The past five months been some of the most testing physical challenges to occur in my life thus far. But more than that, they’ve been some of the biggest psychological tests, too. And whilst I’ve had many concerns about my full recovery and setbacks over this period, it turns out that my best friend and ally has been the act (and somewhat, the art) of learning to accept.
George Orwell once said
Happiness can only exist in acceptance”.
And the psychotherapist Nathaniel Branden said
The first step toward change is awareness. The second is acceptance”.
These are not quotes I’ve paid much attention to, up until now. Up until now, I never realised how important and life-changing acceptance can be. It’s a key that unlocks many situations. A key to a happier life, to greater wisdom, to freedom and ultimately to understanding yourself better.
You see, when you accept something for what it is, including the limitations of yourself or the situation, it opens up the possibility to relax. To give yourself space and time away from the constant judgments we tend make upon ourselves and on what happens to us. We spend our lives battling against what is and I’m convinced that this is a major cause of our stress and unhappiness. We fight against ourselves, against situations and against what is happening to us. Yet when we accept, we relax. We breathe a sigh of relief. And now that I’m aware of this powerful tool, I apply it wherever I can to the situations I know I cannot change, at least for now.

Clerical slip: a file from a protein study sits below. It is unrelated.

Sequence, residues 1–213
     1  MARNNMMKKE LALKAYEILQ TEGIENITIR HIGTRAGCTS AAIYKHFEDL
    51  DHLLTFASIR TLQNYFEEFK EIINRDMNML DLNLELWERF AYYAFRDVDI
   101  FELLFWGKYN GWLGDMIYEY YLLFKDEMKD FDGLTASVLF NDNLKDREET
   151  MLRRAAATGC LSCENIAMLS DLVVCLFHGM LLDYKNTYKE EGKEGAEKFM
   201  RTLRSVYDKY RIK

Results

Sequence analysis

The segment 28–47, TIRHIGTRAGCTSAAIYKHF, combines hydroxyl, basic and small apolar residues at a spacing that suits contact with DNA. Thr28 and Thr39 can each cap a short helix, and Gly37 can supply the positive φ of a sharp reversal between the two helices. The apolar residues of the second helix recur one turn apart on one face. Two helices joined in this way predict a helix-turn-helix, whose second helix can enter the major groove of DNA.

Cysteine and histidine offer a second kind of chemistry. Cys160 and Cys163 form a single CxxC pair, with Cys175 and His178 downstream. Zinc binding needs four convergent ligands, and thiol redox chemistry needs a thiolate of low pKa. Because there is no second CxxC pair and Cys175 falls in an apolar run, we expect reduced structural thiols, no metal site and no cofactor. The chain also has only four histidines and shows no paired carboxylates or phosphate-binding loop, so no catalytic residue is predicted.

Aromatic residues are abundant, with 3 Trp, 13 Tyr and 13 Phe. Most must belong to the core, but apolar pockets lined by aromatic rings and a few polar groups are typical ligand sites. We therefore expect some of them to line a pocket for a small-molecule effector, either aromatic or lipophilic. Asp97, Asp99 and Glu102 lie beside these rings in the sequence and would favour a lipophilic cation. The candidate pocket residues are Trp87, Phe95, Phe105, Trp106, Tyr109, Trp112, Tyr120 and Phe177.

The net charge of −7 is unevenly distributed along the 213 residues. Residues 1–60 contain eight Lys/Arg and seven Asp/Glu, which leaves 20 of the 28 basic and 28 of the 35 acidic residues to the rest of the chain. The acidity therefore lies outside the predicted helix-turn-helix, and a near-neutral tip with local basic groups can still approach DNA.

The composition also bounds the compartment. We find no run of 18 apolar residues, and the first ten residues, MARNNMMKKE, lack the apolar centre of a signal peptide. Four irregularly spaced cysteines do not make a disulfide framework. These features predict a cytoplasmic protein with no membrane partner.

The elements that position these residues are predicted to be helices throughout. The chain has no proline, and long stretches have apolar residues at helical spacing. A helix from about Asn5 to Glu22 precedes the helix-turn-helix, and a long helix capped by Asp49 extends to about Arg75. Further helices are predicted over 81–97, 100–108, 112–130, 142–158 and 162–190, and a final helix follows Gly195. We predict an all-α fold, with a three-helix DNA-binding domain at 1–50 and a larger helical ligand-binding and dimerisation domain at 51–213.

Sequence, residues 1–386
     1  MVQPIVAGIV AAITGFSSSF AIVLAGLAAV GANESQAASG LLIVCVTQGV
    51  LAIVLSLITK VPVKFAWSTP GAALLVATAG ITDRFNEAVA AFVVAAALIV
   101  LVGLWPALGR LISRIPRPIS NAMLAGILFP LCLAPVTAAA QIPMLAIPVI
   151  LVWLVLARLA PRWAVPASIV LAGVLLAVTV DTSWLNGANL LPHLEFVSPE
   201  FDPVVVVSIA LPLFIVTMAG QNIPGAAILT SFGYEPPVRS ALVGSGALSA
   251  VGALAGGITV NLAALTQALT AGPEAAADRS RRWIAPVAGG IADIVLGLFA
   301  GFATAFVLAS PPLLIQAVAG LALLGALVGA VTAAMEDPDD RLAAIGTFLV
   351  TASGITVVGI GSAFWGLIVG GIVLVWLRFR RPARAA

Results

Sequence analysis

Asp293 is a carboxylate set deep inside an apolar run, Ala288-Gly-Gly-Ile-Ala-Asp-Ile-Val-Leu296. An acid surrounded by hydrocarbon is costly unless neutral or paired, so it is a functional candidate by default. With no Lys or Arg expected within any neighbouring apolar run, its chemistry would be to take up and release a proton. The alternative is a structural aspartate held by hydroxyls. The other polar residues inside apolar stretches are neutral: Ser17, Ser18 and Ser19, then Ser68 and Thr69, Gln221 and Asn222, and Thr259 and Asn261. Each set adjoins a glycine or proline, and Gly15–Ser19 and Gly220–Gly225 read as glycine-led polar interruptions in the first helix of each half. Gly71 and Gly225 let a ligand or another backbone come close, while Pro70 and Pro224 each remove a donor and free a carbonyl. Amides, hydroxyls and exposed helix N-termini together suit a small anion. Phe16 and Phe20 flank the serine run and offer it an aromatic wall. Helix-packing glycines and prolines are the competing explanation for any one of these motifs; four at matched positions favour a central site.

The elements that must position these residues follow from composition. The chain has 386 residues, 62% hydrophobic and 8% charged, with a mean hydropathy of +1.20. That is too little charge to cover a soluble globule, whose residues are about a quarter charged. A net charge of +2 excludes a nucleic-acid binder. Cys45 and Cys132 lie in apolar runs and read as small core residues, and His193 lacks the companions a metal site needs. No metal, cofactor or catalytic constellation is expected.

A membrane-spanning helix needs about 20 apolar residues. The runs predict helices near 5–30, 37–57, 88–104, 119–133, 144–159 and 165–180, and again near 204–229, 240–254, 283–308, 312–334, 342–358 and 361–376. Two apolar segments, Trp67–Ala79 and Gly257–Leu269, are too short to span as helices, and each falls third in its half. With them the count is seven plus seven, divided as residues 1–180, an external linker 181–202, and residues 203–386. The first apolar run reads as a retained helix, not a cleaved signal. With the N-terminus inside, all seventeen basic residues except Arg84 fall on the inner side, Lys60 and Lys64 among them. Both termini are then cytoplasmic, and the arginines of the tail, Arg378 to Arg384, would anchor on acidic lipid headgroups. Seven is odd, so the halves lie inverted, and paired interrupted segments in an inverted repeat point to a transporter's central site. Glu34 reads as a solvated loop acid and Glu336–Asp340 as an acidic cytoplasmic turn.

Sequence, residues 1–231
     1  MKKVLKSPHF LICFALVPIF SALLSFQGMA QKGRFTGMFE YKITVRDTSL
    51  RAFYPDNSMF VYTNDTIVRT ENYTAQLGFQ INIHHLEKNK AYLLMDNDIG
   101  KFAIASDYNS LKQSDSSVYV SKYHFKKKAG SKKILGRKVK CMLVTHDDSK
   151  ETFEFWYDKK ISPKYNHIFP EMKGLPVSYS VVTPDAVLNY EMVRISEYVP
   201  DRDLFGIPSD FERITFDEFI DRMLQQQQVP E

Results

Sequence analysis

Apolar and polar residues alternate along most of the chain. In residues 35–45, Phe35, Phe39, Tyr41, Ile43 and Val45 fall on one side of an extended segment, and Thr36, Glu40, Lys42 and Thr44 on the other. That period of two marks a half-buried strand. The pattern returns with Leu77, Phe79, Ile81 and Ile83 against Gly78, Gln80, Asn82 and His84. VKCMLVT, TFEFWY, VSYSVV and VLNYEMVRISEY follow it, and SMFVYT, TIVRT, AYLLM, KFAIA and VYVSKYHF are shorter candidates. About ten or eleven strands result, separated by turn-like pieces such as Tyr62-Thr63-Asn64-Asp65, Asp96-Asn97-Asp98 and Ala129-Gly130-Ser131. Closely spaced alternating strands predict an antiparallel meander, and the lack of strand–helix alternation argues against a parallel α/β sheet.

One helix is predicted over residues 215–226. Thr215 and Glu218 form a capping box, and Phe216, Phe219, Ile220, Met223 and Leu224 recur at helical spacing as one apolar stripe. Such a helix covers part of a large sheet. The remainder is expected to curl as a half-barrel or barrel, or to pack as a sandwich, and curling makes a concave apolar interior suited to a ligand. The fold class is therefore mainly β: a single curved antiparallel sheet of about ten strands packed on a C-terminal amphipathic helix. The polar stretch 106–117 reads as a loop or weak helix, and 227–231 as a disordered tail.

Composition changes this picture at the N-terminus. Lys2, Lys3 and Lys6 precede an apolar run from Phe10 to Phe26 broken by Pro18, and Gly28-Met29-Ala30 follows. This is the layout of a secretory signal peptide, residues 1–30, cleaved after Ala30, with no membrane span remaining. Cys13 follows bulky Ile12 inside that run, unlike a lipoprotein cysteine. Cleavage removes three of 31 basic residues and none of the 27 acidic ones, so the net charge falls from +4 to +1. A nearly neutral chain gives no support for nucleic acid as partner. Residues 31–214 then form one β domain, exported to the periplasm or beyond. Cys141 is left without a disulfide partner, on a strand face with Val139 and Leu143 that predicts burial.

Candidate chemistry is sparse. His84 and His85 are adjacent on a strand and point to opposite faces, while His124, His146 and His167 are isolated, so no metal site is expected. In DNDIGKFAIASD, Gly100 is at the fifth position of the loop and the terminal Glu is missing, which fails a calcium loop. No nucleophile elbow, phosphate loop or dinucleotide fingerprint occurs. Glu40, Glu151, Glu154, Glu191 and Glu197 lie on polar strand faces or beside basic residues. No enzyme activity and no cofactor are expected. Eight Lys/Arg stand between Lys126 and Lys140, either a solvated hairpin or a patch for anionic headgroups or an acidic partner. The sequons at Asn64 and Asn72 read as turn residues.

Of course, I am not saying we should accept everything. I could give hundreds of examples of what we shouldn’t accept in life (the #metoo campaign provices good examples of this). But there are some things we cannot change (maybe forever, maybe for the time being) and rather than fighting against what is, we would do far better to accept.
Let me give you an example. Right from the outset, I decided to accept that my full physical recovery would take one year. That’s a long time. But right from the word go, I told myself it would take that long. And to this day, five months in, whilst the journey has been much like this
where I’m continually required to reset my expectations, and apply massive amounts of patience, overall, I am quiet and calm about my situation. This is because I have accepted that it will take a year. It’s important to note that am not ‘settling’, and nor should you. I am working very hard towards getting better as soon as I can. But by accepting, it gives me the strength to keep going. It encourages me to be more patient and allow my recovery to evole.
The allowing is very important in all this. If I’d not accepted my situation and agonised over why it had happened, if I’d focussed on all the things I was missing out on, rather than gaining, then my experience would have been altogether very different. I know I would have been miserable, constantly questioning and assessing my recovery and labelling any progress as failure. Instead, I have made peace with myself.
You cannot always change what is in life and I will have to leave you to make sense of what you situations you apply this lesson to and what you don’t. But my experience suggests it works on those you cannot change (at least for now) but continue to do battle with.
And it doesn’t have to be that way. Using acceptance on a daily basis will change your life for the better. Try it. Start today.